Browsing publications of the research group vaccinology and applied microbiology (VAC) by Subjects
Now showing items 1-2 of 2
Respiratory Influenza A Virus Infection Triggers Local and Systemic Natural Killer Cell Activation Toll-Like Receptor 7.The innate immune system senses influenza A virus (IAV) through different pathogen-recognition receptors including Toll-like receptor 7 (TLR7). Downstream of viral recognition natural killer (NK) cells are activated as part of the anti-IAV immune response. Despite the known decisive role of TLR7 for NK cell activation by therapeutic immunostimulatory RNAs, the contribution of TLR7 to the NK cell response following IAV infection has not been addressed. We have analyzed lung cytokine responses as well as the activation, interferon (IFN)-γ production, and cytotoxicity of lung and splenic NK cells following sublethal respiratory IAV infection in wild-type and TLR7ko mice. Early airway IFN-γ levels as well as the induction of lung NK cell CD69 expression and IFN-γ production in response to IAV infection were significantly attenuated in TLR7-deficient hosts. Strikingly, respiratory IAV infection also primed splenic NK cells for IFN-γ production, degranulation, and target cell lysis, all of which were fully dependent on TLR7. At the same time, lung type I IFN levels were significantly reduced in TLR7ko mice early following IAV infection, displaying a potential upstream mechanism of the attenuated NK cell activation observed. Taken together, our data clearly demonstrate a specific role for TLR7 signaling in local and systemic NK cell activation following respiratory IAV infection despite the presence of redundant innate IAV-recognition pathways.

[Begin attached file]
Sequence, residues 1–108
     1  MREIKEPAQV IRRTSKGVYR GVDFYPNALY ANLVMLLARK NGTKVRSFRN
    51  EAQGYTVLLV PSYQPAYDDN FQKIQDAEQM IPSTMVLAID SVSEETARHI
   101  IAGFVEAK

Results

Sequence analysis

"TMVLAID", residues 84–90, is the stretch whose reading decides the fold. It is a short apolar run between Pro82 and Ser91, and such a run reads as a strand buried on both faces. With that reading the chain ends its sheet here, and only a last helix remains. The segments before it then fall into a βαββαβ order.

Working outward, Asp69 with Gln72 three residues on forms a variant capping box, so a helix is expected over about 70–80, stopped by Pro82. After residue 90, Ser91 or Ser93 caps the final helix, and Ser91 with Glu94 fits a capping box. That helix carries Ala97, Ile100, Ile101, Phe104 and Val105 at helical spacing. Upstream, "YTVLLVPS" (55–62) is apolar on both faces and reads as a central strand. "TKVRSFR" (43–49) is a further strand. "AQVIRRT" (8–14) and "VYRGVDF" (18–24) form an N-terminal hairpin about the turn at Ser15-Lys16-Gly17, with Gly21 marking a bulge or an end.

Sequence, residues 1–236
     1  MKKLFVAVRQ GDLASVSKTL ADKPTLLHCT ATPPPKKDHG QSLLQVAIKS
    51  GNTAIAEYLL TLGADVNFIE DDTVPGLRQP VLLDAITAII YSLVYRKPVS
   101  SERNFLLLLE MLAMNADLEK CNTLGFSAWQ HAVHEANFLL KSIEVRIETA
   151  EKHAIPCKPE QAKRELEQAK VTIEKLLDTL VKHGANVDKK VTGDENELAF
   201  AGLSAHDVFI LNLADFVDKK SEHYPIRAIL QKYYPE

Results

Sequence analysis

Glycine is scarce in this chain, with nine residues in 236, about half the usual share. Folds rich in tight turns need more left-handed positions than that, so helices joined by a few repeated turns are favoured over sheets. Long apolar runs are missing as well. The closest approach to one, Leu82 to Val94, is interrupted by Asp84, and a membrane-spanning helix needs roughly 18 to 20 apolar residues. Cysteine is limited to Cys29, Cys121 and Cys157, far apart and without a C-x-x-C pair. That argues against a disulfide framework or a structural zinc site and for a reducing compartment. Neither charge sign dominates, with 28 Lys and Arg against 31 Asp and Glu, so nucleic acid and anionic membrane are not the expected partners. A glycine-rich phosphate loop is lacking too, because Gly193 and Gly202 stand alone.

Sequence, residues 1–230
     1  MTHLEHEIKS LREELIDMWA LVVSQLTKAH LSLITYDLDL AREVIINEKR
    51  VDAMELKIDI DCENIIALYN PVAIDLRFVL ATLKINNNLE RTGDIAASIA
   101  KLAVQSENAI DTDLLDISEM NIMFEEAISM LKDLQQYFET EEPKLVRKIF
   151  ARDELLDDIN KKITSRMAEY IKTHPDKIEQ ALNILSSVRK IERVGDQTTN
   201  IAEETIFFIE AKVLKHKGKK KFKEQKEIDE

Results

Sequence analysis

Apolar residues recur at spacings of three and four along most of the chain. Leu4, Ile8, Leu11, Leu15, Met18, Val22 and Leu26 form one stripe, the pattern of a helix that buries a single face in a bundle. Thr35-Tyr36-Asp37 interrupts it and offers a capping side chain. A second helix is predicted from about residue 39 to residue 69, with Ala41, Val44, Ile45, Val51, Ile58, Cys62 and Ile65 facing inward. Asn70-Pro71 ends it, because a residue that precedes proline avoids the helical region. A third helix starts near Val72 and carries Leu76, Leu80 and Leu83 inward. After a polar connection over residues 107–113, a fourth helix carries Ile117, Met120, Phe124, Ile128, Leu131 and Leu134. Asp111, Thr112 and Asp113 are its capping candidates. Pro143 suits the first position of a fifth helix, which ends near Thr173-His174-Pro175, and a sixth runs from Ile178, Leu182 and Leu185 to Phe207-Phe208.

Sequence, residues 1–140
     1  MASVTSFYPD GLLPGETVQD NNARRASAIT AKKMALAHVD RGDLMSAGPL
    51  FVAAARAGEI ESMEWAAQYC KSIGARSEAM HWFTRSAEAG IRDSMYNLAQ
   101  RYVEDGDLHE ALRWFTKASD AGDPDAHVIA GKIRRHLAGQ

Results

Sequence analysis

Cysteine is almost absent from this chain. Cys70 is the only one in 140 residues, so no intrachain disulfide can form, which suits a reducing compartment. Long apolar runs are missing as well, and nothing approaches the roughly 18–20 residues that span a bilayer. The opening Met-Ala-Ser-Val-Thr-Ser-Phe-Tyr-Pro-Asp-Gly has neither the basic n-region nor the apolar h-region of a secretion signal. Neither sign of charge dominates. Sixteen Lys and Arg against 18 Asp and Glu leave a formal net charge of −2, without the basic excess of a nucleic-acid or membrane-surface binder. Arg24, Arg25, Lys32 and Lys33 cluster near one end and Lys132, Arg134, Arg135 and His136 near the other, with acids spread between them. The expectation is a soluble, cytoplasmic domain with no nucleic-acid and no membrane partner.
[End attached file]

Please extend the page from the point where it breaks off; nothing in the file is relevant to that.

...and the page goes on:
Symptom Burden and Factors Associated with Acute Respiratory Infections in the First Two Years of Life-Results from the LoewenKIDS Cohort.Acute respiratory infections (ARIs) are the most common childhood illnesses worldwide whereby the reported frequency varies widely, often depending on type of assessment. Symptom diaries are a powerful tool to counteract possible under-reporting, particularly of milder infections, and thus offer the possibility to assess the full burden of ARIs. The following analyses are based on symptom diaries from participants of the German birth cohort study LoewenKIDS. Primary analyses included frequencies of ARIs and specific symptoms. Factors, which might be associated with an increased number of ARIs, were identified using the Poisson regression. A subsample of two hundred eighty-eight participants were included. On average, 13.7 ARIs (SD: 5.2 median: 14.0 IQR: 10-17) were reported in the first two years of life with an average duration of 11 days per episode (SD: 5.8, median: 9.7, IQR: 7-14). The median age for the first ARI episode was 91 days (IQR: 57-128, mean: 107, SD: 84.5). Childcare attendance and having siblings were associated with an increased frequency of ARIs, while exclusive breastfeeding for the first three months was associated with less ARIs, compared to exclusive breastfeeding for a longer period. This study provides detailed insight into the symptom burden of ARIs in German infants.